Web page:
Search committee members and department faculty should share information on the position and reach out to individuals by phone and email to solicit nominations and invite applications through:
- Reaching out to their own professional networks
- Contacting recent graduates of the program, who can be asked to share this information with their networks
- Personal outreach to highly qualified individuals to invite them to apply
- Attending conferences and intergroup meetings and receptions, including special meetings of women and colleagues from underrepresented groups, and sharing information on the position
- Reaching out to colleagues at departments and programs that produce high numbers of graduates who are women and members of underrepresented groups and asking them to share the job ad and to nominate possible applicants. The National Science Foundation/National Center for Science and Engineering Statistics (NSF/NCSES) produces a list of top 20 doctorate-granting institutions, ranked by number of minority US citizens and permanent residents doctorate recipients.
- Identifying names of potential candidates from the professional literature in the area and inviting them to apply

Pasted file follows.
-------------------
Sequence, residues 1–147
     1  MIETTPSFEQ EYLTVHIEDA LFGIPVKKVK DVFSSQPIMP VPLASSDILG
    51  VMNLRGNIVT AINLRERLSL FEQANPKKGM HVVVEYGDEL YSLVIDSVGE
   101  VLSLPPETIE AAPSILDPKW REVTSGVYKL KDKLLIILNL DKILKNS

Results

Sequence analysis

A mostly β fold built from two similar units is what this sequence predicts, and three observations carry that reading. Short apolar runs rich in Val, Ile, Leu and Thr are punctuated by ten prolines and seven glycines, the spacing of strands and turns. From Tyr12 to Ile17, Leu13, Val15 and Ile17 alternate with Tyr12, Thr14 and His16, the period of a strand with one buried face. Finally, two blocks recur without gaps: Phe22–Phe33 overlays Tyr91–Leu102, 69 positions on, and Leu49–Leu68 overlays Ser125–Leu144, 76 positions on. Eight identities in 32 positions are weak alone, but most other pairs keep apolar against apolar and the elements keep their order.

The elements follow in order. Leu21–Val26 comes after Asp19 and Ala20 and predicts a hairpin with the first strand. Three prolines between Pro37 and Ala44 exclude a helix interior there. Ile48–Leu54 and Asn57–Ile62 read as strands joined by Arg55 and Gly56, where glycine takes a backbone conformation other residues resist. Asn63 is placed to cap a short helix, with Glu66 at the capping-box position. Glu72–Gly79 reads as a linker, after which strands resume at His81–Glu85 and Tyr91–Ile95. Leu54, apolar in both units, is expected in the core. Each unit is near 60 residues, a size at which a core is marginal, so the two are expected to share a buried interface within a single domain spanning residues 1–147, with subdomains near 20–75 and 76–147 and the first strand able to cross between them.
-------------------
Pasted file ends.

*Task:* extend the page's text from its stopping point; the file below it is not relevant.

Additional sources of possible candidates include:
- Alumni of NYU’s Faculty First Look programs
- Current and past fellows in NYU’s Provost’s Postdoctoral Fellowship program
- The Partnership for Faculty Diversity produces a large pool of competitively selected, well-prepared, postdocs of color entering into the academic job market in the social sciences, math, engineering and physical sciences, arts and humanities, and the life sciences. Schools and search committees should proactively identify candidates from among this pool. These candidates are postdocs from each of the Partner institutions, which include: The University of California Chancellor's and President's Postdoc program, including UC-affiliated national labs, and university postdoc programs at New York University, University of Michigan, University of North Carolina (Chapel Hill and UNC-Charlotte), University of Colorado, the California Alliance, Carnegie Mellon, University of Maryland, and the University of Minnesota. Your school’s University Faculty Affairs Council representative can provide information on how to access job candidates from the Partnership pool.
Dean or Dean’s representative reviews the steps to create a diverse pool, and the diversity of the pool.